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Immigration Department director-general Datuk Khairul Dzaimee Daud addresses media during a raid on a construction site in Southville City, Dengkil June 20, 2021. — Picture by Hari Anggara
Immigration Department director-general Datuk Khairul Dzaimee Daud addresses media during a raid on a construction site in Southville City, Dengkil June 20, 2021. — Picture by Hari Anggara

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PUTRAJAYA, Aug 25 — The Immigration Department has smashed a syndicate specialising in forging travel documents with the arrest of three Pakistani men in Setapak, Kuala Lumpur and Seri Kembangan, Selangor in a special operation on August 16 and 17 after three months of painstaking intelligence work.

Immigration director-general Datuk Khairul Dzaimee Daud said the syndicate forged visas and passports and used social media to look for customers, set up meetings and perform other transactions.

According to him, two male suspects were arrested while handing over forged documents in a car in Setapak, which then led to the arrest of another Pakistani man, believed to be the document forger of the syndicate, at a luxury housing area in Taman Mesra, Seri Kembangan on August 17.

The suspects are between 32 and 56 years old, and two of them had expired social visit passes while the third had a long-term social visit pass, which is believed to have been forged, he said in a statement today.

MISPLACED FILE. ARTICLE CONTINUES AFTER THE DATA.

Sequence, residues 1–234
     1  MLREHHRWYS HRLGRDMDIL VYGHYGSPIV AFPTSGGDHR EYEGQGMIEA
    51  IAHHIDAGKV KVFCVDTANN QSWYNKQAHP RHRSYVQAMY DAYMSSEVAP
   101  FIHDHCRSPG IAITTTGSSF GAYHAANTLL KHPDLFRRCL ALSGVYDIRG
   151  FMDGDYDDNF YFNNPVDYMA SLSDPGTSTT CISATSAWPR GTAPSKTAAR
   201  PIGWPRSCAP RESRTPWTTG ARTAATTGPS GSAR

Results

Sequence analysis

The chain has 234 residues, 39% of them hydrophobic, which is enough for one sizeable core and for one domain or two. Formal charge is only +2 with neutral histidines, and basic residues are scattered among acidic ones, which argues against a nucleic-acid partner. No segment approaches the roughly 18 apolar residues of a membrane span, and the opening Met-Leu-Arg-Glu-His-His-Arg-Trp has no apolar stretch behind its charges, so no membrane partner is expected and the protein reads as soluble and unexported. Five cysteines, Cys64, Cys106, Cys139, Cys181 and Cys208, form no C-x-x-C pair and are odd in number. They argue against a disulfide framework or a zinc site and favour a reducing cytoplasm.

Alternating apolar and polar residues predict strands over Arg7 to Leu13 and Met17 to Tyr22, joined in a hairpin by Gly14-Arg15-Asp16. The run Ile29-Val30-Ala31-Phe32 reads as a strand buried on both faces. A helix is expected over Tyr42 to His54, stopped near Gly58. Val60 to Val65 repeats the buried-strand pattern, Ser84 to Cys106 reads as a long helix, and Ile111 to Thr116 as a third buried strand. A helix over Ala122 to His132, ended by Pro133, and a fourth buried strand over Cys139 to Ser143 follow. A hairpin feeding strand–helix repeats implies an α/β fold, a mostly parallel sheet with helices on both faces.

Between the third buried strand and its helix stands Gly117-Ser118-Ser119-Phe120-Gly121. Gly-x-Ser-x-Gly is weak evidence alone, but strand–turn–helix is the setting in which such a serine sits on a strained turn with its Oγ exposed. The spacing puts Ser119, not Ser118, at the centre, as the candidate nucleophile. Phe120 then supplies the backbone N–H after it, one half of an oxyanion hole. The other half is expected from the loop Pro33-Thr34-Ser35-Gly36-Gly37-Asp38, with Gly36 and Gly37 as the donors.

One of them, he added, had been deported from Canada in 2008 for immigration offences.

Khairul Dzaimee said the syndicate specialised in producing various forged documents, including passports, visas and driving licences, and the documents were used to boost the passport holder’s credibility in applying for a visa for travel to a third country.

“This syndicate focused on developed countries like the United States, Canada and Japan as these countries’ visas were of high value and could convince the country their customer wanted to enter that the customer travelled to those countries frequently in the past,” he said.

He said the syndicate is also believed to have forged temporary work permit stickers for the past two years, with most of the customers being illegal immigrants hailing from Pakistan, Myanmar and Bangladesh who worked in shops or the construction sector.

“The syndicate used apps like WhatsApp and In My Opinion to look for customers and would meet up with them to carry out transactions,” he said.

He added that the syndicate charged customers between RM100 and RM300 for a forged temporary work permit sticker, and RM100 to RM1,000 for foreign country documents such as visas, driving licences, refugee cards and passports.

The team also seized 2,320 suspected forged documents, two desktop computers, two printers, one laminating machine, one passport reader, five pieces of stamping plates of various countries, 20 units of silk screen frames of various countries and a silk screen printing table.

The embassies of the countries affected have confirmed that the seized documents are fake, he added.

The suspects have been arrested for committing offences under Section 55(D) of the Immigration Act 1959/1963, he said. — Bernama

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